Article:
The Nylander saga will end this week in one of three ways

Nov 27 2018, 4:17 am

By the end of this week, the William Nylander contract dispute with the Toronto Maple Leafs will come to an end… One way or another.

After what has felt like an eternity of rumours and speculation from fans and pundits alike, the Leafs and Nylander have until Saturday at 5 pm ET to reach a new contact in order to keep him eligible to play this season.

Despite the Leafs currently tied for second place in the Eastern Conference and sporting one of the NHL’s top offences, the status of Nylander’s contract has hung over the team like a dark cloud.

As the deadline approaches the question is no longer ‘when will an announcement be made?’ but instead is ‘what will the announcement be?’ For fans who have been patiently waiting to see results, there are three endings that they should prepare for.

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1. Nylander stays

The happy ending in this situation is the Leafs and Nylander manage to get a contract done at the last minute. In doing so, the Leafs get one of their top players back for the second half of the season.

While this sounds a bit too good to be true after months of intense negotiations, there are signs pointing to this happening. It started with Mike Babcock hinting to Sportsnet’s Chris Johnston last week that Nylander and Auston Matthews could be returning to the lineup in the near future.

Then during Saturday’s Hockey Night in Canada broadcast, Johnston reported that the Leafs and Nylander are close to reaching a long-term deal.

“It’s interesting that a six-year deal, even at this late stage with next Saturday’s deadline looming, remains a term that is possible for this deal,” Johnston said.

“I believe that the Nylander side would accept something around $6.9 million — maybe a little bit above, a shave below seven. They have not yet got to that point but they are believed to be rather close.”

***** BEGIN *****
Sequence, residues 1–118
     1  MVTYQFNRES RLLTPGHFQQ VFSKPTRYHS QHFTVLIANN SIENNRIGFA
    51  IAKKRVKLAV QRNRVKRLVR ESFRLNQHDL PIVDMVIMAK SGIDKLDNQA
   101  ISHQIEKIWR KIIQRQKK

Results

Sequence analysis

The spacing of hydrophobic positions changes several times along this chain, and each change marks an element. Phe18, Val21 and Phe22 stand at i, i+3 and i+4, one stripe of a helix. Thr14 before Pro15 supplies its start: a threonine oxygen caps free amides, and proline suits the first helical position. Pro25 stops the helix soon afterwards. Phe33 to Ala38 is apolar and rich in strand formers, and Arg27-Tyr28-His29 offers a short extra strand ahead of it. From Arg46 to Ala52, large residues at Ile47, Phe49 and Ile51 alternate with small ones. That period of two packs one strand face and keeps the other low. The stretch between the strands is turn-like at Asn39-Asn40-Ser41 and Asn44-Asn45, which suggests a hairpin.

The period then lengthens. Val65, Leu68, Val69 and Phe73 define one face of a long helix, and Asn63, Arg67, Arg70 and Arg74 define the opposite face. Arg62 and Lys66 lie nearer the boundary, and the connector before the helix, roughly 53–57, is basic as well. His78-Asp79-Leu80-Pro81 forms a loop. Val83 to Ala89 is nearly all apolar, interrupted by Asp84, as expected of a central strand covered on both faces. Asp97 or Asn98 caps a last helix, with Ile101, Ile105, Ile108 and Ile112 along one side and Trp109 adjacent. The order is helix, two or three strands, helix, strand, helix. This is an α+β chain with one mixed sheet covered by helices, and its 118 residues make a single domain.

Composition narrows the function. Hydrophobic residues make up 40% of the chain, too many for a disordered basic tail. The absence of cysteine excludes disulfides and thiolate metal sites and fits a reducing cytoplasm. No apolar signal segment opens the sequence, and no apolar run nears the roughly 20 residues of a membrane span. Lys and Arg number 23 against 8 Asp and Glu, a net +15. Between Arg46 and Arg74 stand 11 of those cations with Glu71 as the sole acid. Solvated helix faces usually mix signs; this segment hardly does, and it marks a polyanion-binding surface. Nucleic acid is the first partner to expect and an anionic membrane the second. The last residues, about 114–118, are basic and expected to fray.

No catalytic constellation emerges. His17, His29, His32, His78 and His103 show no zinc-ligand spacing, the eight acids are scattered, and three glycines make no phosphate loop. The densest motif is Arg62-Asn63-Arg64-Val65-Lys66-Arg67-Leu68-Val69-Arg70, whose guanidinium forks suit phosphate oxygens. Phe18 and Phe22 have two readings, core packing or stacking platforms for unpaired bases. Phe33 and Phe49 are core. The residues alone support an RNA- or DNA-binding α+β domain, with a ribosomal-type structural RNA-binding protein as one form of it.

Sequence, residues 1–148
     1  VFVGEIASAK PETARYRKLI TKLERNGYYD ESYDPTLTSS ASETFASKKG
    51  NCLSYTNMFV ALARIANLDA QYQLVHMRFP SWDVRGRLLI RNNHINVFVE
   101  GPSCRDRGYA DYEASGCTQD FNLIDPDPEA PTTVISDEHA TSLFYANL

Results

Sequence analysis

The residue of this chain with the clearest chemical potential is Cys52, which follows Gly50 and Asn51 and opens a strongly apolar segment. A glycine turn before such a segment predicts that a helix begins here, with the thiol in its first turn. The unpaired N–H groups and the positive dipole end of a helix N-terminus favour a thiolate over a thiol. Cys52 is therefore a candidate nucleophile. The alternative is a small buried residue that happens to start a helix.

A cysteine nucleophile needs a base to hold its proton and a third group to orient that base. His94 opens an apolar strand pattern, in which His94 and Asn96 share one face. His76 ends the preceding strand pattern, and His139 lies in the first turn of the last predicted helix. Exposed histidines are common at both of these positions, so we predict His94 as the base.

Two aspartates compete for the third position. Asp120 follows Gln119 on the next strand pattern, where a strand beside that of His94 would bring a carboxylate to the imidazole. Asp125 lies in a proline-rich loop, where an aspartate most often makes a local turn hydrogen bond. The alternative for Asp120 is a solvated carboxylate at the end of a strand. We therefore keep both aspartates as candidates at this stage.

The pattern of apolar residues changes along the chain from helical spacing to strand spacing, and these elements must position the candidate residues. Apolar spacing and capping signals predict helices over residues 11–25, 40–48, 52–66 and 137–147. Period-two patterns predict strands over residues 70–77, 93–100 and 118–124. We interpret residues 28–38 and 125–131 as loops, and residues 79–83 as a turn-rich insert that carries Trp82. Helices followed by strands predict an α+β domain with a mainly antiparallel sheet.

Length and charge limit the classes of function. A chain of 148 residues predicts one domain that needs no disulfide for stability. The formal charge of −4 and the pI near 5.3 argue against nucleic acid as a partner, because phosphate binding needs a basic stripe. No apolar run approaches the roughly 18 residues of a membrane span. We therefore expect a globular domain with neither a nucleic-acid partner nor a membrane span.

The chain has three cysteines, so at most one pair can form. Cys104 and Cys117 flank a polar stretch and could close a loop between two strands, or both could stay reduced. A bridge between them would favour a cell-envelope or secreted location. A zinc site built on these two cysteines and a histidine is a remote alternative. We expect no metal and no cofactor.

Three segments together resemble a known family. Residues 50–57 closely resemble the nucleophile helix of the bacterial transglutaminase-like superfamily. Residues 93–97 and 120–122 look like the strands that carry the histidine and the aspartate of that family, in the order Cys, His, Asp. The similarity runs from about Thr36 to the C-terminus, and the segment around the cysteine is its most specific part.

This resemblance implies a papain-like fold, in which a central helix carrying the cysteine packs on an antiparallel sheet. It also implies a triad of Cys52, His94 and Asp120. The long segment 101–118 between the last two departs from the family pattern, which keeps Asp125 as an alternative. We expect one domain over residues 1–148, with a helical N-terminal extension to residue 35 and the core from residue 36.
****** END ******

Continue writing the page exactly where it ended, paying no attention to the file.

If Nylander gets the long-term contract that he’s been asking for from the beginning, the timing of the contract could benefit both himself and the Leafs going forward with the salary cap.

According to Cap Friendly, if a restricted free agent signs their contract after the regular season has started, the cap hit for the first year will be greater than the contract’s annual average. The following years, the cap hit is less than the annual average.

That means that in a long-term contract, the Leafs could pay Nylander significantly more for this season, then have at a lower cap hit for the rest of the contract. That will certainly come in handy next year when the Leafs have to re-sign Matthews and Mitch Marner.

2. He gets traded

As the stand off carried into the regular season, rumours that the Leafs would be willing to trade Nylander have intensified.

But whether the Leafs can get fair market value is another story.

Last week, TSN’s Craig Button suggested that the Leafs should work out a deal with the Chicago Blackhawks to acquire forward Brandon Saad. Sportsnet’s Nick Kypreos has suggested that Toronto should make a trade with the Columbus Blue Jackets for defenceman David Savard and forward Josh Anderson.

If this is what the Leafs can get for their top-six forward, then the team should take their chances in re-signing Nylander. Saad is four years older than Nylander and his highest point total is 53 from two years ago, while Nylander is coming off back-to-back 61-point seasons.

Meanwhile, Anderson has totalled 30 points in a season just once in his career and even though the Leafs could use help on defence, at best Savard has been a third or fourth defenceman during his tenure in Columbus.

At the end of the week, if the Leafs end the negotiations thinking they can’t re-sign Nylander, trading him would be something to definitely consider. But the odds of them getting equal return isn’t great.

3. He sits out the season

The third and final option for this situation to end is the most extreme. If the Leafs can’t re-sign Nylander and they don’t have a decent trade in place, GM Kyle Dubas could continue to play hardball and let his star winger sit for the entire 2018-19 season.

Two weeks ago it was reported that the Leafs are comfortable with letting Nylander sit if there is no viable option for the Leafs. We may see if that was a bluff.

If it comes to fruition, this would mark the first time in 18 years that an NHL player has missed an entire season due to contract dispute, back when Michael Peca missed the 2000-01 season as a member of the Buffalo Sabres.

Curtis PankeCurtis Panke

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